Zika News

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Marques finds prior dengue infection protects against Zika 

Marques finds prior dengue infection protects against Zika

The higher a person's immunity to dengue virus, the lower their risk of Zika infection, an international team of scientists reported in the journal Science. The study also provides evidence that Brazil's Zika epidemic has largely petered out because enough people acquired immunity to reduce the eff... (02/11/2019)
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As Zika babies become toddlers, some can’t see, walk, or talk 

As Zika babies become toddlers, some can’t see, walk, or talk

NEW YORK TIMES - Infectious disease researcher ERNESTO MARQUES says about 3 percent of 1,000 pregnant Brazilian women in a recent sample were infected with Zika. “The problem’s not going away. We are still having cases. And the future of Zika babies already born is complicated by poverty and straine... (12/14/2017)
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Marques: While Zika hasn’t been in the news much, that doesn’t mean it’s gone 

Marques: While Zika hasn’t been in the news much, that doesn’t mean it’s gone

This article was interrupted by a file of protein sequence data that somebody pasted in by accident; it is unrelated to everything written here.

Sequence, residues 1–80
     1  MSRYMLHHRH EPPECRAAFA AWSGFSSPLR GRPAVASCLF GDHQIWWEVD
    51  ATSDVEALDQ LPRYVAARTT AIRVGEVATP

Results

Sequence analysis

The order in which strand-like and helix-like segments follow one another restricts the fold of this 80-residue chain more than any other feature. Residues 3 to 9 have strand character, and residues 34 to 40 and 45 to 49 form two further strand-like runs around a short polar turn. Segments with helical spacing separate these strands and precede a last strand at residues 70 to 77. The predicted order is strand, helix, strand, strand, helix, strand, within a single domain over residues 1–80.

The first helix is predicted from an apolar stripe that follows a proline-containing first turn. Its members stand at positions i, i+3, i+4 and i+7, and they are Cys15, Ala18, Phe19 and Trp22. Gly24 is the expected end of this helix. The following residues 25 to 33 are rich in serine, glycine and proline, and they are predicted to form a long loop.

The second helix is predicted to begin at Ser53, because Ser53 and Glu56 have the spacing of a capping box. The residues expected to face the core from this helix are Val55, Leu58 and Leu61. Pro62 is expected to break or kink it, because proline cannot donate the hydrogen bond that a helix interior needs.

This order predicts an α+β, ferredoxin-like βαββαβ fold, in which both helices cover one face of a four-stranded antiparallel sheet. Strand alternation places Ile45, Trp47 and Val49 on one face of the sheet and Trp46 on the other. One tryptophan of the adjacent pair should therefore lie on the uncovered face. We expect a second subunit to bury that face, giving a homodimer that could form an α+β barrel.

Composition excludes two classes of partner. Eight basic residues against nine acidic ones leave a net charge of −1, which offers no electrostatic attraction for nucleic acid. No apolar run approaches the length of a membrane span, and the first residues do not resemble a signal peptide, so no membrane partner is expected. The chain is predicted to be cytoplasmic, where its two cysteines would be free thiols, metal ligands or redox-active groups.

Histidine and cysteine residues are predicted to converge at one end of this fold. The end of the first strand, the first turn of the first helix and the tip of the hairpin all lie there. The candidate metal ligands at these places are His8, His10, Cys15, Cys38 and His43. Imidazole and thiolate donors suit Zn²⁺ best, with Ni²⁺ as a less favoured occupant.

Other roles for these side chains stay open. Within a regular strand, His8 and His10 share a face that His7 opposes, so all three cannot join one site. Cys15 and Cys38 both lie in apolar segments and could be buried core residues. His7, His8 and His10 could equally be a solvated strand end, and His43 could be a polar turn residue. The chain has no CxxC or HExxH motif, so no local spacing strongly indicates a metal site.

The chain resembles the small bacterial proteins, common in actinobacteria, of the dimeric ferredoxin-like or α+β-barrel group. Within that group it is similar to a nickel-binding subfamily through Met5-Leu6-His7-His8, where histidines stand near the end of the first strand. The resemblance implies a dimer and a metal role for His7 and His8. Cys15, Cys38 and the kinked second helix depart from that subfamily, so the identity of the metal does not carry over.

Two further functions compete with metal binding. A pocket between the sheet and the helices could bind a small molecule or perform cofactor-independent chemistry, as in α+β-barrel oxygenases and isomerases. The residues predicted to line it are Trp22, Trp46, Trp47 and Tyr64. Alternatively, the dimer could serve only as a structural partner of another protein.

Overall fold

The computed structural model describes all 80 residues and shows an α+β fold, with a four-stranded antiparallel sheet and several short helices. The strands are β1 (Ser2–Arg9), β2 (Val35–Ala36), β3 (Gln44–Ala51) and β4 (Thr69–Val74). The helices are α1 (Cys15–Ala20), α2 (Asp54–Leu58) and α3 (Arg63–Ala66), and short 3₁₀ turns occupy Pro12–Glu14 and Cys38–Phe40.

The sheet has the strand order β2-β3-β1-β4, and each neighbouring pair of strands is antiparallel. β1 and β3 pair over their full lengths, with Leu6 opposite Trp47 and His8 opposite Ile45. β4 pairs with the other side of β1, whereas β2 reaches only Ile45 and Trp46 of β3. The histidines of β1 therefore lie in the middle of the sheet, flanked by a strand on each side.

WASHINGTON POST - Local transmission seems to have come to a standstill, with one suspected case in Texas and one case confirmed in Florida. Herd immunity may be preventing more big outbreaks. But if Zika behaves like other arboviruses, it will probably stick around. They tend to be cyclical, says P... (10/30/2017)

View more Zika news

Questions?

Send questions about the Cura Zika initiative, an international alliance to perform much-needed research addressing the Zika epidemic, to CuraZika@pitt.edu.

Cura Zika mark

Media Contact

Allison Hydzik,
manager of media relations 
hydzikam@upmc.edu 
412-647-9975

Cura Zika Advisory Board

Program director
Donald Burke

Scientific director
Ernesto T. A. Marques

Scientific advisors 
Fernando Bozza   
Lee Harrison 
Cecilia Lo 
Celina Martelli 
Yoel Sadovsky     

© 2019 by University of Pittsburgh Graduate School of Public Health